¶3 Appellant has failed to show an actual error in the present case. This Court has long recognized that a defendant who proceeds to trial without challenging the absence of a preliminary hearing or, if one was held, any irregularities therein, waives his right to preliminary hearing. Berry v. State, 1992 OK CR 41, ¶ 9, 834 P.2d 1002, 1005 ("[A]ny error arising from the lack of a preliminary hearing on second and subsequent charges was waived by the defendant's entry of a plea to the information and his proceeding to trial without timely offering any objections to the information."); Hambrick v. State, 1975 OK CR 86, ¶ 11, 535 P.2d 703, 705 ("When a defendant, upon arraignment, pleads to the merits and enters on trial, he waives right to preliminary examination, or if one was held, any irregularities therein."); Muldrow v. State, 1919 OK CR 313, 185 P. 332, 334 ("[I]f the defendant upon arraignment pleads to the merits and enters on the trial, he waives the right to a preliminary examination.").
¶4 At the bare minimum, Appellant knew that the State intended to proceed on the Supplemental Information when he received the State's Witness List on August 4, 2016. Defense counsel admitted this fact in his argument to the trial court. Appellant's trial did not start until August 15, 2016. Despite the fact that Appellant had ten days to challenge the sufficiency of the preliminary hearing, he lay behind the log and did not raise the instant challenge until the day of trial and proceeded to trial without resolution of the issue. As Appellant failed to challenge the lack of a preliminary hearing and proceeded to trial, he waived his right to a preliminary hearing on the Supplemental Information. Therefore, no error, plain or otherwise, occurred.
HUDSON, J., SPECIALLY CONCURS
¶1 Appellant ran a stop sign at the intersection of two state highways while driving at a high rate of speed in a ten-wheeled lumber truck. This resulted in the deaths of two people when the Lexus in which they were traveling crashed broadside into the bed of Appellant's lumber truck, sheering off the top part of the Lexus as it passed underneath the truck bed. The prosecutor's decision to file two counts of First Degree Misdemeanor-Manslaughter under 21 O.S.2011, § 711(1) was appropriate on these facts. Under Oklahoma law, Failure to Stop at a Stop Sign is a misdemeanor offense for which Appellant was actually charged and convicted in Count 3 (although we dismiss this conviction on double punishment grounds). 47 O.S.2011, §§ 11-201, 17-101(A). We held in State v. Haworth, 2012 OK CR 12, 283 P.3d 311 that "so long as a causal relation can be established between the misdemeanor and the homicide, any misdemeanor could conceivably serve as a predicate for First Degree Manslaughter, consistent with the plain, unambiguous wording of that statute." Id., 2012 OK CR 12, ¶ 19, 283 P.3d at 318 (emphasis added).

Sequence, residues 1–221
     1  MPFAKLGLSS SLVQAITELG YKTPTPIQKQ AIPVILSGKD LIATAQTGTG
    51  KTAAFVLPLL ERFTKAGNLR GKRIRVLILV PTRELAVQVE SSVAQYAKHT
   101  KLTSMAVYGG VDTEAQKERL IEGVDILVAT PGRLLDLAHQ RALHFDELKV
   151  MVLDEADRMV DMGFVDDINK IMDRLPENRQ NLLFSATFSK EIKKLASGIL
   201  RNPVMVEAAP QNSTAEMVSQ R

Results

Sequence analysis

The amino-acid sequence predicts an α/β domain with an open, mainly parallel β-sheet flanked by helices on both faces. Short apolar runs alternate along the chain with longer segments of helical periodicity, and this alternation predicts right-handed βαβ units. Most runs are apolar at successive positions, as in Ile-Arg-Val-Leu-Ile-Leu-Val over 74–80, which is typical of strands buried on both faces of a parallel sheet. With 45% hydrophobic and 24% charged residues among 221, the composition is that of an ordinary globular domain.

¶2 Appellant complains in Proposition II that we should modify his sentences because the legal theory upon which his misdemeanor-manslaughter convictions rest "stands on less than a perfectly solid legal foundation." Aplt. Br. at 6. There is nothing shaky about it. But for Appellant's failure to stop at the stop sign, the victims would not have been killed. The commission of the misdemeanor offense of running a stop sign was therefore the proximate cause of the victims' deaths. State v. Ceasar, 2010 OK CR 15, ¶ 11, 237 P.3d 792, 795-96 (focus of causal relation analysis is whether the defendant's conduct "was a substantial factor in bringing about the victim's death."). We observed in Haworth that the determination of which charge to bring in these circumstances--negligent homicide or misdemeanor-manslaughter--is left to the prosecutor's broad discretion. Haworth, 2012 OK CR 12, ¶ 18, 283 P.3d at 317. It's hard to argue with the prosecutor's charging decision here based on the record evidence. That is especially so considering the jury rejected convictions on the misdemeanor offense of Negligent Homicide for which it was also instructed on Counts 1 and 2 (O.R. 175-77, 186-87). I therefore specially concur in today's decision.
ROWLAND, JUDGE, SPECIALLY CONCURRING:
¶1 I concur that under the unique facts of this case, no relief is warranted and Thompson's convictions should be affirmed. Nothing in the Court's decision today, however, should be read as diminishing a defendant's entitlement to a preliminary hearing on prior convictions used to enhance his sentence. In this case, the Supplemental Information, commonly referred to as a page two, had been on file approximately one year prior to the start of the preliminary hearing. Thompson was bound over with prior convictions even though no specific evidence of them was presented during the preliminary hearing. I agree this did not deprive the district court of jurisdiction over the Supplemental Information.
¶2 In Thomas v. State, the defendant was bound over at preliminary hearing with three prior felony convictions, after which two of the prior convictions were stricken from the page two and replaced by two more recent felony convictions. Thomas, 1984 OK CR 19, ¶ 11, 675 P.2d 1016, 1020. This Court rejected his claim that he was entitled to a second preliminary hearing on the specific prior felony convictions which would be used to enhance his potential punishment at trial, citing the fact that "the appellant was put on notice that he was to be charged as a second and subsequent offender, and subject to enhanced punishment pursuant to 21 O.S.1981, § 51(B), at his preliminary hearing by virtue of the three convictions then alleged." Thomas, 1984 OK CR 19 at ¶ 13, 675 P.2d at 1020.
¶3 In declining to quash Thompson's Supplemental Information or to remand his case for further preliminary hearing on the second page, the district court did not commit error. There is no dispute about the existence of his prior convictions. More than a year and a half passed between the time the Supplemental Information was filed and the time Thompson was bound over for trial, and thus more than ample time had passed to properly put him on notice that enhancement of his sentence was being sought. That being said, I join the Summary Opinion's urging of prosecutors to be diligent in ensuring that similar facts do not arise in the future. This can be done by filing a page two with the original Information, and with every Amended Information filed in a given case.
Outcome: The Judgments and Sentences of the District Court of Haskell County, on Counts I and II, are AFFIRMED. The Judgment and Sentence in Count III is VACATED and the case is REMANDED with instructions to DISMISS Count III. Pursuant to Rule 3.15, Rules of the Oklahoma Court of Criminal Appeals, Title 22, Ch.18, App. (2018), the MANDATE is ORDERED issued upon the delivery and filing of this decision.